Transient Osteoporosis with Bone Marrow Edema

This condition has been proposed as a syndrome that is associated with osteoporosis (Wilson et al. 1988). These authors reported ten patients with hip or knee pain whose radiographs were either normal or minimally os-teopenic at the diseased site. Bone scintigraphy showed increased tracer uptake, and MRI demonstrated decreased signal intensity on T1-

weighted images and increased signal intensity on T2-weighted images, denoting hyperemia and edema. Clinical symptoms slowly resolved over a period of months and did not recur. In one case, intense uptake in the right femoral head returned to a near-normal state after 8 months. Marrow edema might be a coincidental process, but its association with regional osteoporosis cannot be denied. In essence, edema is a nonspecific response of marrow tissue to a variety of physical stresses or injuries (Moore et al. 1991), and is associated with an increased amount of extracellular water as a result of hyperperfusion (Wilson et al. 1988). Etiologically, bone edema has been related to a number of clinical conditions such as osteoporosis, RSD (Murphy and Totty 1986), and Legg-Calve-Perthes disease (Bleumm et al. 1985). The other likely causes include contusion, infection, and primary or metastatic neoplastic disease (Moore et al. 1991).

Our experience indicates that pinhole scintigraphy is a valuable adjunct to the clinical study of this condition, displaying not only ominous lesions (Fig. 14.16) but also extremely subtle changes, which are radiographically invisible (Fig. 14.17). The tracer accumulated in this condition appears to be divided into two different components: the more intense central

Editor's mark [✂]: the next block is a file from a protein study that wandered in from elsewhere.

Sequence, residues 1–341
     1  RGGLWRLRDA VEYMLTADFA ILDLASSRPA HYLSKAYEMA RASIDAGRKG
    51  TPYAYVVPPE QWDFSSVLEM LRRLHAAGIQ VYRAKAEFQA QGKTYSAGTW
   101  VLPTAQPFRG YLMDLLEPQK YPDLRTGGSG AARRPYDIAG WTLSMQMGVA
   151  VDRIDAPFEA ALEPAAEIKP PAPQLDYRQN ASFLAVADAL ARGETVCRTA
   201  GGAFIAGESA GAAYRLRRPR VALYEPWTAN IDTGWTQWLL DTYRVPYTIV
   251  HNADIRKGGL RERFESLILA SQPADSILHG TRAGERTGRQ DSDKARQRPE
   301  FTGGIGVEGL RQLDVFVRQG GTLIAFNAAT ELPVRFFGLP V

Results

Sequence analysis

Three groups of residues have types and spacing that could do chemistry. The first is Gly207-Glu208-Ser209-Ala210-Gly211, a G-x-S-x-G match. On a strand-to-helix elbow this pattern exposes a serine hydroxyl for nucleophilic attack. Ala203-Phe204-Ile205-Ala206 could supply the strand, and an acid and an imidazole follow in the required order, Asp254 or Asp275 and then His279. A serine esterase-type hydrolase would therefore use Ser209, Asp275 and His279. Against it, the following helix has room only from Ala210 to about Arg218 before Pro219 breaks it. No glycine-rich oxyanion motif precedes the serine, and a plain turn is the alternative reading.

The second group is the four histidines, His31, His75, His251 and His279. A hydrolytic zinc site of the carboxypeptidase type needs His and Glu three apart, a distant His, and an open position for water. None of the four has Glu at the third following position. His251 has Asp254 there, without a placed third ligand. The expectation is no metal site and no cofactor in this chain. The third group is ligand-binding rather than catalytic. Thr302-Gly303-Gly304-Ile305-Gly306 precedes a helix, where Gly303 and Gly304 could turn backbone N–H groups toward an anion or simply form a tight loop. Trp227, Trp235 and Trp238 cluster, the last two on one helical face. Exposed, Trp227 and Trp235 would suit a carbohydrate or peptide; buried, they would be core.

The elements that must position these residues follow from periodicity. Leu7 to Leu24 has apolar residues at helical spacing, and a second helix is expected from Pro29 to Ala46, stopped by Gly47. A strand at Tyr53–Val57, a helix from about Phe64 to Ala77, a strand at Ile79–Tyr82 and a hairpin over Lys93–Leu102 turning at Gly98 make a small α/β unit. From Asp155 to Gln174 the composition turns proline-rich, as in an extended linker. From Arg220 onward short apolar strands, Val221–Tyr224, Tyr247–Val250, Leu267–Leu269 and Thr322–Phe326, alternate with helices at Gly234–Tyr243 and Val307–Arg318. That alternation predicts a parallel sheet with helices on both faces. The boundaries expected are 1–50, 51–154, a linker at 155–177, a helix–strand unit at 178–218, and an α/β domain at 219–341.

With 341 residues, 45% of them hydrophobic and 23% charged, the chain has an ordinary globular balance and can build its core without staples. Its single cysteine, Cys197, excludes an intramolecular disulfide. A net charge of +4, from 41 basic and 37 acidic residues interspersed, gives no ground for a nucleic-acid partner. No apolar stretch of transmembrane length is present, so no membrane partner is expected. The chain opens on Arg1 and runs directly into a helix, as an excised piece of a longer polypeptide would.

Can Marrow Edema Painful

Fig. 14.17A-C Transient osteoporosis of the hip. A Anterior pinhole scintigraph of the painful right hip in a 57-year-old woman shows patchy, intense tracer uptake in the lateral aspect of the femoral neck (arrowhead). B Anteroposterior radiograph shows only equivocal osteopenia in the area in question (?). C T2-weighted coronal MRI reveals high signal intensity with a low-intensity rim in the base of the femoral head, corresponding to the scintigraphically "hot" area (arrowhead). On Tl-weight-ed MRI the signal intensity of the lesion was low, denoting edema (not shown here)

uptake and the less intense peripheral or background uptake. Interestingly, our MRI correlation has indicated that the more intense uptake at the lesional center corresponds to edema that is represented by a bright signal on T2-weighted images while the less intense uptake in the periphery corresponds to extended reaction or the watershed phenomenon (Fig. 14.16).

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